This year marks the tenth anniversary of W
HIP and a celebration was to be held at the WHIP Annual Meeting on March 18, at the Bradley Town Hall, in Lincoln County, but unfortunately the event was cancelled due to the Covid-19 outbreak.
In a typical year the annual meeting is open to the public, includes a luncheon, and a series of speakers presenting on relevant invasive species topics. The event serves as WHIP’s largest single yearly public event at which to educate the public about invasive species, as well as the group itself.
In lieu of the annual meeting, Rosie agreed to share an overview of WHIP’s biggest accomplishments over the past decade and the direction she sees WHIP going in the future.
Though WHIP has conducted a variety of projects aimed at identifying and eradicating terrestrial invasives over the years, Rosie said one of the milestone accomplishments was the County Highways Roadside Survey Project that was done in 2012-2013.
The project, which was funded with a grant from the Lumberjack Resource Conservation and Development Council, Inc., based in Rhinelander, involved hiring individuals who surveyed – foot-by-foot, every county road in Vilas and Oneida counties using GPS technology to map the presence of terrestrial invasives on roadsides. The work took eight months.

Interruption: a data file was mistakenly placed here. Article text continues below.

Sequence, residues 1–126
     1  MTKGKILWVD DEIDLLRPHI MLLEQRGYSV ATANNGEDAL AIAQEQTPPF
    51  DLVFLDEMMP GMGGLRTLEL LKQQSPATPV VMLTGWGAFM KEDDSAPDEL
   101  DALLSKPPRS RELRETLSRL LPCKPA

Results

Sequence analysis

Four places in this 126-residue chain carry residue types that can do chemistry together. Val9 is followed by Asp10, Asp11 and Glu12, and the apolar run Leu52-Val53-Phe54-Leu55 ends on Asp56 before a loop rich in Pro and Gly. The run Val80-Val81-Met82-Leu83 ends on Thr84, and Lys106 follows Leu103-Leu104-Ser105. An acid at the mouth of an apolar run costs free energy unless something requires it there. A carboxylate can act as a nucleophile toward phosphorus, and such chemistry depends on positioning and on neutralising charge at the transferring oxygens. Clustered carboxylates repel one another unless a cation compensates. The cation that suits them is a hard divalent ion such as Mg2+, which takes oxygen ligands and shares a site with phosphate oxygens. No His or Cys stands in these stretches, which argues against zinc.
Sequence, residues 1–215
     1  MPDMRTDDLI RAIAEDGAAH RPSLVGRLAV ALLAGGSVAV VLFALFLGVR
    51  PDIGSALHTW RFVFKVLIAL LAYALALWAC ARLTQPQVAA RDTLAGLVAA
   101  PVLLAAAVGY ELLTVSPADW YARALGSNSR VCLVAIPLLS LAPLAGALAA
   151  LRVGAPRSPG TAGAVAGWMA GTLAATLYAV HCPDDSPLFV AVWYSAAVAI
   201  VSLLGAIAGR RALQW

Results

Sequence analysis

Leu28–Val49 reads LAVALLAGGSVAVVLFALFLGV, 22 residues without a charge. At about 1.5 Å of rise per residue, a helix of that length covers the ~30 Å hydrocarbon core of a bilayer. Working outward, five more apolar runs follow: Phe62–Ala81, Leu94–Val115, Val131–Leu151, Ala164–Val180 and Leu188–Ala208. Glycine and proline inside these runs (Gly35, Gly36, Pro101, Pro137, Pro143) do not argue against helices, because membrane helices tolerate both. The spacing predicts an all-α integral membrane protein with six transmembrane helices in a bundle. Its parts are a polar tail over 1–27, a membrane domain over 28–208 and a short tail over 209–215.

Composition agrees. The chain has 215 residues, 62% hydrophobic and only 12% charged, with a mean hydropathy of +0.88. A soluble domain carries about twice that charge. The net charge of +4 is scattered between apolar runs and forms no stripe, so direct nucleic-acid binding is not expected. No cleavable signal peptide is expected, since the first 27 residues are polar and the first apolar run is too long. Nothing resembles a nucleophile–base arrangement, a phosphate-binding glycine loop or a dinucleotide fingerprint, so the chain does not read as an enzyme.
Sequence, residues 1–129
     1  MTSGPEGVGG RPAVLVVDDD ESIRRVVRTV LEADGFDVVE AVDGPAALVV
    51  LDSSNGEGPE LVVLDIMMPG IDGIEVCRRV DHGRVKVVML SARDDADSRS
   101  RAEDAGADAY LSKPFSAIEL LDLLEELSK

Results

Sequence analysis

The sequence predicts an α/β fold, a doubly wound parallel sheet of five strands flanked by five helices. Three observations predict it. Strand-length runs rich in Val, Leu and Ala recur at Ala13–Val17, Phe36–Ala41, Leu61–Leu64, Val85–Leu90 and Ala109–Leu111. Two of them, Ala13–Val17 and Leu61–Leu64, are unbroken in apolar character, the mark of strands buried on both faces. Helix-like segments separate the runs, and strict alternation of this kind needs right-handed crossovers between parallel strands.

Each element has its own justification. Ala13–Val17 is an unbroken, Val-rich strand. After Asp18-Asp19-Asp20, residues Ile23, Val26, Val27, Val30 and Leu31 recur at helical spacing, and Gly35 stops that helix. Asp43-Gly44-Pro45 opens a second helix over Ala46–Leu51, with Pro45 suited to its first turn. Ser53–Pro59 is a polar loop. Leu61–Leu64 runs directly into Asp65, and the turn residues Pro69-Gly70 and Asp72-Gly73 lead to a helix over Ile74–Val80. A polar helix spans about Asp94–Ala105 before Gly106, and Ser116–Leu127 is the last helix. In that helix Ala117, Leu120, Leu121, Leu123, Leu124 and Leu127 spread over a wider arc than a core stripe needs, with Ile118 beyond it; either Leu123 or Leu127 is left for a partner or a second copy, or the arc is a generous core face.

The results yielded a bi-county Draft Highway Roadside Management Plan drafted by the WHIP Steering Committee, which is comprised of eleven members from WHIP’s partner agencies, that offers recommendations on steps to follow as new species are reported, as well as best management practices for preventing noxious weeds alongside highways.
According to Rosie the final plan and map are invaluable tools for identifying and managing terrestrial invasives going forward. WHIP and the counties involved now have a blueprint to use for comparison purposes. “This was a big project and down the road we will be able to look back, compare changes, and easily identify new invasives as they crop up,” she noted.
Just as boats aid in the spread of aquatic invasive species so to do vehicles aid the spread of terrestrial invasives. “Terrestrial invasive plant seeds stick to car tires and are spread. That is how we have gotten so many non-native thistles along our roadsides,” Rosie said.
Landscaping and gardening are also known sources of terrestrial invasive spread, which, said Rosie, is the story behind another of WHIP’s success stories.